I might be a bit bias but this is the big one that makes all the difference. Textiles help to make a house a home, to soften it and often allow you to express your personality on a budget. Cushions make a sofa inviting, rugs make a room feel finished and blankets on a bed can change the whole atmosphere of a room. Textiles can lighten and lift or create moody depth depending on your needs. And your wall colour obviously.
A Scandi style bed frame slathered in bohemian blankets is the perfect blend. Or simply turn the tables and use crisp, linen sheets on a distressed base to create the same effect. Which leads me to the next rule.
3 ] Mix those textures
And mix them good. Ten years as a visual merchandiser will teach you a lot of things. About yourself and your pernickety personality, but more importantly how to successfully blend tones and textures to create beautiful results. I may not have all the pieces yet, but I know what I want and I know what I want to do with them. We’re talking layered rugs, wood on metal, wicker on white, old on new.
It’s about balance. And to achieve balance you need perspective. Take regular steps back and really look. If things are veering too heavily down the mid-century route, it’s time to drop in a rattan chair or some woven baskets draped with ethnic inspired textiles and a handful of plants to slowly kill. If it’s all looking a little too crisp, hunt down some driftwood or style an oversized branch in vintage glassware. And if it’s all going a bit too Moroccan (as I get told on the regs) it’s time to streamline. Remove a couple of lanterns and replace them with a stack of books or old magazines.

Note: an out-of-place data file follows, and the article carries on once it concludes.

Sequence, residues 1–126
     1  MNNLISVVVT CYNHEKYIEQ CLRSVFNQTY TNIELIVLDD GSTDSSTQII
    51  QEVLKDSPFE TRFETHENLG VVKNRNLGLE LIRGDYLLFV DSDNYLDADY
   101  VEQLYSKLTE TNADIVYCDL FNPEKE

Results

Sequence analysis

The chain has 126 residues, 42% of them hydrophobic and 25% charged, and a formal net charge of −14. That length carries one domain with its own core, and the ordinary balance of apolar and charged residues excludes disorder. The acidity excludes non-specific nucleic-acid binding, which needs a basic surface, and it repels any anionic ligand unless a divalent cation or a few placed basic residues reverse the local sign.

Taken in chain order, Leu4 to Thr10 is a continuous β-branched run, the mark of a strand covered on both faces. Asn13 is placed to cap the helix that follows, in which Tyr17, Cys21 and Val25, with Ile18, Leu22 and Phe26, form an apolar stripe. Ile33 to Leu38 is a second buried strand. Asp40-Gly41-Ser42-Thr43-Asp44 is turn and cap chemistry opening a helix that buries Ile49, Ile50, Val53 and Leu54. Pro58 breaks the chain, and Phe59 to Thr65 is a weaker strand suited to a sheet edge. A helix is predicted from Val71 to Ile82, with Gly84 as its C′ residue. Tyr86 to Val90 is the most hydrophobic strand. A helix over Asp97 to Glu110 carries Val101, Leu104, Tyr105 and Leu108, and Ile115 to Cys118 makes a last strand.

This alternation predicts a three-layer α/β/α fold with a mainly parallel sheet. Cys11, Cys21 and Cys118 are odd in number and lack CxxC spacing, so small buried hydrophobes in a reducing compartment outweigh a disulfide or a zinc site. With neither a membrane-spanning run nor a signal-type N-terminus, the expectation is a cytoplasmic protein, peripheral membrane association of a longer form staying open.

4 ] Prints Charming
I couldn’t resist. Hand in hand with mixing textures, comes picking your prints wisely. Some people go all in with pattern and print and while I love to look at the pictures, I couldn’t live in it. Likewise I know I’d get a little twitchy in an all white space. Nailing that Scandi boho vibe is about carefully curating prints and following the tones through the whole room. A Mexican blanket on top of linen bed sheets and a huge statement print above the bed. Sea grass and antique style rugs layered over a wooden floor with a classic chair design. The possibilities are endless.
5 ] Finish one space at a time
Something I’m still learning and I realise all too well. As obvious as it sounds, when we temporarily moved back to our flat a few years ago I was amazed at how much easier it was to fill those blank walls and create cosy nooks. It’s a very different story in a large, three bedroomed house and your pieces suddenly seem to spread very thin. I’ve found it difficult yet key to concentrate on one room at a time. Sure, some things will just not get done budget depending. For us, kitchen worktops and tiles are still a few years away and brand new statement pieces are simply not an option, but with what we do have I am trying to concentrate it all in our most-used spaces and putting the rest on the back burner. If the unpainted skirting boards and sparse spare rooms are screaming at you, juuuust close the doors.
So, there we have it. My rules to live by to ease my very muddled brain. In this Insta-world of constant comparison, it’s so easy to forget that we are all on different journeys and on different timelines. It’s so important to take a second and celebrate the journey YOU are on, in all its incompleteness and mess. Now, about that lottery ticket….